Thanksgiving is bad and you should feel bad—here’s why



Turkey, cranberry sauce, and mashed potatoes. On the fourth Thursday of every November, we celebrate the genocide of Native Americans by coming together with our families and feasting on turkey, cranberry sauce, and mashed potatoes.

We are taught from a young age that the Europeans who came to the “New World” brought with them peace and knowledge, that there was an alliance between the Europeans and Native Americans, and over time that alliance slowly dissolved; but this is only part of the story.

The pilgrims had just sailed across the Atlantic Ocean and they were greeted with a cold, harsh winter in the “New World.” As a result, many of them died. Taking pity on them, the Wampanoags taught them how to farm and fish; they even made a peace treaty with the pilgrims. After the first harvest, the indigenous people and the Europeans came together and had a feast lasting three days which we commonly call “The first Thanksgiving.”

After this, word spread through Europe that the “New World” was a dreamland, and boatloads of disease-carrying barbarians decided to call it their new home. When they arrived and saw that there were no fences on the land, they proclaimed that it was free for the taking and that any natives on the land could be sold into slavery.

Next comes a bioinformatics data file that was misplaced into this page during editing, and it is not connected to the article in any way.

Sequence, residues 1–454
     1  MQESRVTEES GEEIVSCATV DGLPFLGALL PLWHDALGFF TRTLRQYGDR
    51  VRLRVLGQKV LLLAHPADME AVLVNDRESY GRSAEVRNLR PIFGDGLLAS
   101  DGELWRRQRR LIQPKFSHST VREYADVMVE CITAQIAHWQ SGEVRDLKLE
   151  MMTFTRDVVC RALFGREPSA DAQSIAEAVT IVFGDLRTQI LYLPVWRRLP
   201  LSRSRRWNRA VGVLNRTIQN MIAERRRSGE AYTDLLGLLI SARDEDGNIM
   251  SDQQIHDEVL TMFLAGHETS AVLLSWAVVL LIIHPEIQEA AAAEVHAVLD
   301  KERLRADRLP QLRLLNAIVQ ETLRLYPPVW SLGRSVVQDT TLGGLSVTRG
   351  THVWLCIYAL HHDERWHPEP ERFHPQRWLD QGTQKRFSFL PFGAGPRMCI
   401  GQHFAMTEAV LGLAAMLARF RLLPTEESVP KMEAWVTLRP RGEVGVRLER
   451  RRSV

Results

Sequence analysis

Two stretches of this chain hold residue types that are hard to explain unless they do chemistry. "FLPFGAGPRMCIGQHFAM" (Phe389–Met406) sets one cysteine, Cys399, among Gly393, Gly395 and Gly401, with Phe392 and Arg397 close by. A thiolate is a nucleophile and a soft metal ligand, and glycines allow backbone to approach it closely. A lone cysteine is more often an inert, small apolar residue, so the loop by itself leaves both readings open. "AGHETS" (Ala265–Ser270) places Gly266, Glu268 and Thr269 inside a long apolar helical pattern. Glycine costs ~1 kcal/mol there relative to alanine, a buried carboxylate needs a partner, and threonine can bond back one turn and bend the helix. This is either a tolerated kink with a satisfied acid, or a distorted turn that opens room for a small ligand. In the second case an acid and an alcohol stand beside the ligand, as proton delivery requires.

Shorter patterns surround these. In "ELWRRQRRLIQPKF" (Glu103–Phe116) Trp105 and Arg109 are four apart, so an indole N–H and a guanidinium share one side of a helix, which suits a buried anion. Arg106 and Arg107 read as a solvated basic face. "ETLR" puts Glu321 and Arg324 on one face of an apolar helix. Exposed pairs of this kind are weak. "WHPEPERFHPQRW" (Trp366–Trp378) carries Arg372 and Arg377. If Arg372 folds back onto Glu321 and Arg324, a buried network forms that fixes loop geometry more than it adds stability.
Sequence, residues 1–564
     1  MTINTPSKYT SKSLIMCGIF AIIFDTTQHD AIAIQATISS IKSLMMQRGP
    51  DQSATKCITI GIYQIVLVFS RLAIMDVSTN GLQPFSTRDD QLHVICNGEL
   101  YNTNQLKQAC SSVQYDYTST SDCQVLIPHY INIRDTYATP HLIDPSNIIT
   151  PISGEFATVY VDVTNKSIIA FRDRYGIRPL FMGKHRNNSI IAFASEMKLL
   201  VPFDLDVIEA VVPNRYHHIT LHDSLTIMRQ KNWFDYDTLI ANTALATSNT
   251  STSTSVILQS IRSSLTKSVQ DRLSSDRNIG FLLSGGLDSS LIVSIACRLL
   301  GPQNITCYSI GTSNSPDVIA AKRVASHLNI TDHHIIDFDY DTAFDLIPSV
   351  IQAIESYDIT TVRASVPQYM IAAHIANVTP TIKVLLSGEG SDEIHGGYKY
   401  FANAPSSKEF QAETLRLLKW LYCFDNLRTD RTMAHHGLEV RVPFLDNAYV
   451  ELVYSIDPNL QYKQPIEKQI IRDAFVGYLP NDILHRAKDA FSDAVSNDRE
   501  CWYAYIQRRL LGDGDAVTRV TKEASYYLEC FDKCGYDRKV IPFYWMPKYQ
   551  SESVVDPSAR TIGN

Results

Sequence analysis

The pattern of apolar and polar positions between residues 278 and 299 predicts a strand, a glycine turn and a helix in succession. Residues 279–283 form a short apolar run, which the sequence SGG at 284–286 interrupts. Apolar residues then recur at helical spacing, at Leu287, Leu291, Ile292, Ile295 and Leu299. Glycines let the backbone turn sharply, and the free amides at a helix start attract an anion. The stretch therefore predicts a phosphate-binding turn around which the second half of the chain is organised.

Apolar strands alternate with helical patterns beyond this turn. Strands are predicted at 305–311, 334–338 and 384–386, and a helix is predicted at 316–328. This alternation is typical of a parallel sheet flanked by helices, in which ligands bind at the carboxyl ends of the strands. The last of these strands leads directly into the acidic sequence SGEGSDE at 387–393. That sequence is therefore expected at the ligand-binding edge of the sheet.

Angered by the unrightful seizure of their land and the loss of so many people, the Pequot Nation who had not signed a peace treaty fought back. This sparked the Pequot war (1636-1638) which was one of the bloodiest Native American wars ever fought.

According to the Republic of Lakotah, in 1637, nearly 700 Pequot people gathered for the Green Corn Festival, which is similar to our Thanksgiving. While they slept, they were surrounded by Europeans who ordered them to come outside. Those who came out were shot while most of the women and children cowered inside and were burned alive.

Victorious and proud, the Europeans attacked more and more villages; boats loaded with as many as 500 Native Americans bound for slavery regularly left the ports of New England. Bounties were paid for the scalps of Native Americans to encourage the deaths of as many as possible.

After a particularly successful raid against the Pequot, the churches of New England announced that there would be a second day of Thanksgiving to celebrate their victory. According to, they chopped off heads of the Native Americans and kicked them around like soccer balls.

Not even the peaceful Wampanoags could escape the frenzy; their chief was killed and his head was impaled on a pole in Plymouth, Massachusetts where it remained on display for 24 years.

As you sit down with your family this Thanksgiving and glut yourself with green bean casserole and pumpkin pie, be thankful. It’s the bare minimum you can do on a holiday built upon the genocide of thousands of Native Americans.

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